By Liam Byrne @tvtimelimit
When people (including myself) complain about the length of modern PPVs, I do sometimes think back to the experiences I had with my first Wrestlemania: Wrestlemania IV. A relatively mammoth show for the time period, four hours allowed the WWF to cram in sixteen matches and necessitated an unprecedented two VHS box to house the full experience. Unlike modern PPVs however, IVs tournament structure meant a selection of matches that weren’t exactly what you’d expect on the Grandest Stage of them all. Often maligned as one of the most boring Manias of all time, it is one that I remember fondly if primarily due to the innocence of youth when I first encountered it.
With the WWF Title vacated after the twin referee storyline that had temporarily seen Andre the Giant, then The Million Dollar Man, hold the title that Hulk Hogan had had around his waist for over four years, Wrestlemania IV saw a show-wide tournament to crown the new WWF Champion. Even at an early age, I knew that Hogan won everything, so with a bye to the second round (admittedly, against Andre), I assumed Hogan would win yet again. Little did I know.
What I liked most about this Wrestlemania in hindsight was the number of wrestlers it introduced to me that I still like today. From Bad News Brown winning the opening Battle Royal by ending a short-lived alliance with Bret Hart (which cost Brown his trophy, the Calgary native smashing it to smithereens), to the British Bulldogs teaming with Koko B Ware in a losing effort against The Islanders and Bobby Heenan, they all left some form of indelible mark on my fandom. Even wrestlers who weren’t showcased greatly here went on to be people I sought out in the future. The opening round match between Rick Rude and Jake Roberts was the most boring thing I had ever seen as a child; both men are easily among my favourites of all time over twenty years later.
The action surrounding the tournament perhaps led to the show dragging way beyond any reasonable runtime, but it also showcased all aspects of what the WWF had to offer at the time. Brutus Beefcake would defeat the Honky Tonk Man in the Intercontinental Title Match by disqualification, only to get a measure of revenge by cutting Jimmy Hart’s hair. The WWF Tag Team Titles would change hands as Demolition began a record-breaking run at the top of the division by defeating Strike Force with the assistance of Mr Fuji’s cane. Buried at the end of the first round, an early WWF sighting of the Ultimate Warrior saw him – not yet the fully polished article – defeat Hercules by rolling his arm on a double pin. They would even find time for some celebrity tomfoolery as Bob Uecker spent a large chunk of his time seeking out Vanna White for a kiss.
To the tournament itself. Hindsight is twenty twenty, but the booking was pretty odd looking back. Bam Bam Bigelow going out in the first round, no repeat of Steamboat versus Savage in the second round, the aforementioned Rude/Roberts draw; not everything made a lot of sense. What did happen was the one thing that they seemingly set out to do that evening – they made Macho Man Randy Savage a star.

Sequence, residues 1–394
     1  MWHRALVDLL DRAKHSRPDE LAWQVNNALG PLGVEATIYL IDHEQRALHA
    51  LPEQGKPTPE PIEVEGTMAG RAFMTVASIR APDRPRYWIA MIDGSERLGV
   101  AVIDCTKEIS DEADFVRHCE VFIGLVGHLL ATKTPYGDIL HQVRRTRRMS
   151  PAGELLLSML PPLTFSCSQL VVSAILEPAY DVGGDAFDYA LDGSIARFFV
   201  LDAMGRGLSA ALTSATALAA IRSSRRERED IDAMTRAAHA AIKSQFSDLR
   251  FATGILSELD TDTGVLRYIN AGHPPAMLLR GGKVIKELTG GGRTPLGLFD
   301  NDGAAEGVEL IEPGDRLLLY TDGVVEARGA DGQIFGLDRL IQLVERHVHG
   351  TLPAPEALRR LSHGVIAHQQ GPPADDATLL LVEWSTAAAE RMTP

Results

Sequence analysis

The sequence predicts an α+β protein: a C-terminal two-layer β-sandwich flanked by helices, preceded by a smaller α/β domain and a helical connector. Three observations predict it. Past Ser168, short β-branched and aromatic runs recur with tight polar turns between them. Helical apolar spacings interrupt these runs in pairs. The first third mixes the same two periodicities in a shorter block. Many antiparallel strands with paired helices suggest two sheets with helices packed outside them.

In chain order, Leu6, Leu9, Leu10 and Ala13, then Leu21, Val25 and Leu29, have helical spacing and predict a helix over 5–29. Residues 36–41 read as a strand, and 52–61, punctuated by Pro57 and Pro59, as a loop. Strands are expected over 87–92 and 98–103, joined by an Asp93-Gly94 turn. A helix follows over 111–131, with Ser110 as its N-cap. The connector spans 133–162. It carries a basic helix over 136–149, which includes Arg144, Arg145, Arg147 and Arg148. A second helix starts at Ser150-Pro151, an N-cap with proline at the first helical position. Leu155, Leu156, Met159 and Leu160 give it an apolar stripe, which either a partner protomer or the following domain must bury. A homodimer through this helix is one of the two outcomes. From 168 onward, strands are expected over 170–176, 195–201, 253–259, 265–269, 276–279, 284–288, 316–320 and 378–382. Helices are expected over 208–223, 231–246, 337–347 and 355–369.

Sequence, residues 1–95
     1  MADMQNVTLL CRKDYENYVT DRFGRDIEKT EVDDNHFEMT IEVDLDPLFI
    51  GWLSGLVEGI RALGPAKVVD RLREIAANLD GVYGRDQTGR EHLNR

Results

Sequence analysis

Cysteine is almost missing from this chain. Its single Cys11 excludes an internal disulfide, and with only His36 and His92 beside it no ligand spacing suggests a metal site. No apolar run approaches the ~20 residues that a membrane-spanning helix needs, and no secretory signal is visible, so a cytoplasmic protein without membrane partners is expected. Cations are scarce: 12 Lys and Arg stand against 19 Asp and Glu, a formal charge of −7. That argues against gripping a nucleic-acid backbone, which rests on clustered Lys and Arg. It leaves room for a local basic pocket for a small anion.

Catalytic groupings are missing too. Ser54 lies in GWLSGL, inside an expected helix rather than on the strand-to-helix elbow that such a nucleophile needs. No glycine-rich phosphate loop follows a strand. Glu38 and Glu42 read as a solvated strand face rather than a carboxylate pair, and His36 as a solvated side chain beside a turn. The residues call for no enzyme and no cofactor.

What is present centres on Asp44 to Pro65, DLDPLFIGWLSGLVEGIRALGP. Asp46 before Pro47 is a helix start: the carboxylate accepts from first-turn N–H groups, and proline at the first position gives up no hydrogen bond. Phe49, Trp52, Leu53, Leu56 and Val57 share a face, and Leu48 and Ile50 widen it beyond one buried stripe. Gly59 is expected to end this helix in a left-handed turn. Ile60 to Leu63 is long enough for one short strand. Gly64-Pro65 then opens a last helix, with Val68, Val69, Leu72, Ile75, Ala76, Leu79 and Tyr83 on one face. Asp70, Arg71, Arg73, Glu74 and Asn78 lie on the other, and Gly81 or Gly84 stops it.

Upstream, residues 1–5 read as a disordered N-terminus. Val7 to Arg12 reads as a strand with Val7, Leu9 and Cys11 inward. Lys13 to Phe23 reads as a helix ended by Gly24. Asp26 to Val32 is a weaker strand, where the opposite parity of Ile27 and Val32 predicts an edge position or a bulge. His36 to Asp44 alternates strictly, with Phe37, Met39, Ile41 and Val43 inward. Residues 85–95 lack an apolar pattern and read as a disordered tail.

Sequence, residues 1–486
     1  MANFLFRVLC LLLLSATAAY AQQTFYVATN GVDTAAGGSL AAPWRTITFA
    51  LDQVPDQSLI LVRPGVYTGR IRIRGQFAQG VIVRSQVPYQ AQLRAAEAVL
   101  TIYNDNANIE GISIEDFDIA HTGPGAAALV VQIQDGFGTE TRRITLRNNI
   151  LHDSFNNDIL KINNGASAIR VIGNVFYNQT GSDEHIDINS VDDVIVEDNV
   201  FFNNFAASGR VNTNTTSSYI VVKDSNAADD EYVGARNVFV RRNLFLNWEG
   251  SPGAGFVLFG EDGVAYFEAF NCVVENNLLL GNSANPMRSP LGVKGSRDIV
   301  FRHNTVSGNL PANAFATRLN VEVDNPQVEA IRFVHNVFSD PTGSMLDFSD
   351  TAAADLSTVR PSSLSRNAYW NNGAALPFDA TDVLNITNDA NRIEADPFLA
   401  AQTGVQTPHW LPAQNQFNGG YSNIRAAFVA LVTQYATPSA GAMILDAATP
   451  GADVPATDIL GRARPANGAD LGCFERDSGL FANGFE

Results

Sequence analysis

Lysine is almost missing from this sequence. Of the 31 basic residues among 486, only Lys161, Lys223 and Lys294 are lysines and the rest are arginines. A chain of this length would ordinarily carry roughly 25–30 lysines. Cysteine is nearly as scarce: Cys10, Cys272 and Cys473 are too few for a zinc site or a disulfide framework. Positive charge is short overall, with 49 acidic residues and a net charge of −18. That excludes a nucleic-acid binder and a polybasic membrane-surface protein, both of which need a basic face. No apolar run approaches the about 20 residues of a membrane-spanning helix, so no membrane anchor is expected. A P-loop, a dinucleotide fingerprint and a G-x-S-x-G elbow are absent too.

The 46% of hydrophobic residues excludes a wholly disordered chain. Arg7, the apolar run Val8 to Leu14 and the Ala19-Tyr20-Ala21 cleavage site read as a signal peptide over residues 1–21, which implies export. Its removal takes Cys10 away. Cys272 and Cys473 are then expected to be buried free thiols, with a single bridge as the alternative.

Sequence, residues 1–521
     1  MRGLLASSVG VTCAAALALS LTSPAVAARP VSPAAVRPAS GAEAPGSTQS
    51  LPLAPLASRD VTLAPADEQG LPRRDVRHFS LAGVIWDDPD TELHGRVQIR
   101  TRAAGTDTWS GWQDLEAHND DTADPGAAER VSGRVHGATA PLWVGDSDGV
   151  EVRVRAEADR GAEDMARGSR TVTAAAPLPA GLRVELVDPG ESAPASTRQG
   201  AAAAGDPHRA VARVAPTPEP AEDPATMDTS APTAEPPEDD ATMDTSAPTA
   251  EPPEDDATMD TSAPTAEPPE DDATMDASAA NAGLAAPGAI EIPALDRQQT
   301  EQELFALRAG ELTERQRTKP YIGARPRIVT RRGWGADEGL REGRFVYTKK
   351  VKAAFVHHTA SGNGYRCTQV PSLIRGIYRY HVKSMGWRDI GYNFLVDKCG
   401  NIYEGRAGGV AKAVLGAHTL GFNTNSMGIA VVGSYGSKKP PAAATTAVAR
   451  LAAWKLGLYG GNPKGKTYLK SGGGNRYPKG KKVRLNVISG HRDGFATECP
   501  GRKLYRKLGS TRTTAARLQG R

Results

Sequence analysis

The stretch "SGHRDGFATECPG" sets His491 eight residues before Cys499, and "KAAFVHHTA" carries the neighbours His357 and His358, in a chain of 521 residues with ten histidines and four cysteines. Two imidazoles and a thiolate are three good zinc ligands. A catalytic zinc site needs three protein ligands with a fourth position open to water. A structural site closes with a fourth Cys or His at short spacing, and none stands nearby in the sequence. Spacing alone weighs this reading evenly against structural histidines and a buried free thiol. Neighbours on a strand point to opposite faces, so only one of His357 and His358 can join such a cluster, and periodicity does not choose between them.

With Miss Elizabeth by his side and with a change of clothes for each contest, Savage looked a million dollars every time he stepped into the ring that night. Defeating Butch Reed in the first round, he would then watch as Andre the Giant and Hogan eliminated each other in a pretty tedious double disqualification (notably, the match was split in half by the need to change the VHS), all bets were off. He took out Greg ‘The Hammer’ Valentine, before taking a beating from the One Man Gang en route to a disqualification victory.
The best thing about Wrestlemania, outside of the crowning of Savage as WWF Heavyweight Champion, was the long termism of the WWF’s booking from this moment forward. As Savage battled to take on the combined might of Ted Dibiase, Andre the Giant and Virgil in the final, the arrival of Hulk Hogan – brought out by Elizabeth – evened the odds. A chair shot to the back of Dibiase behind the referee’s back from Hogan would allow Savage to scale the top turnbuckle and drop the elbow for the three count.
Even at that very moment, the seeds were being planted for next year.
As a child, I just thought it was cool for Hogan, Savage and Elizabeth to celebrate Savage’s title victory together. Little did I know that this triumvirate of the WWF landscape at the time would explode later in the year, Savage destroyed by jealousy of the relationship between Hogan and Liz. This moment being the catalyst for the ill feeling that would lead to the two men headlining the next Wrestlemania.
Because that is what makes Wreslemania IV worthwhile – the booking. Seeing Savage rise to the top in one night was something that I knew was special, even at a time when I knew very little about wrestling. Watching the Mega Powers fall apart is an angle I got to appreciate as an adult, and without the highs of IV, you don’t get the lows of the following year. That, my friends, is pro wrestling in a nutshell.